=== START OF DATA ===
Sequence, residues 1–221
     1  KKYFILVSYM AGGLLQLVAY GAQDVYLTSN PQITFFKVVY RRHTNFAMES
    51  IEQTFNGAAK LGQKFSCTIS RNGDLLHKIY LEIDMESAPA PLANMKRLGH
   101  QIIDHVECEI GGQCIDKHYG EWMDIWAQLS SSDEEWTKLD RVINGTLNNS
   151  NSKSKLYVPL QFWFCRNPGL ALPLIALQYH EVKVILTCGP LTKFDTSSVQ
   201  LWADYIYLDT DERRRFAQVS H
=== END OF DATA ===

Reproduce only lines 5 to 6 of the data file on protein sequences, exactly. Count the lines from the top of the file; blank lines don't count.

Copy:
   151  NSKSKLYVPL QFWFCRNPGL ALPLIALQYH EVKVILTCGP LTKFDTSSVQ
   201  LWADYIYLDT DERRRFAQVS H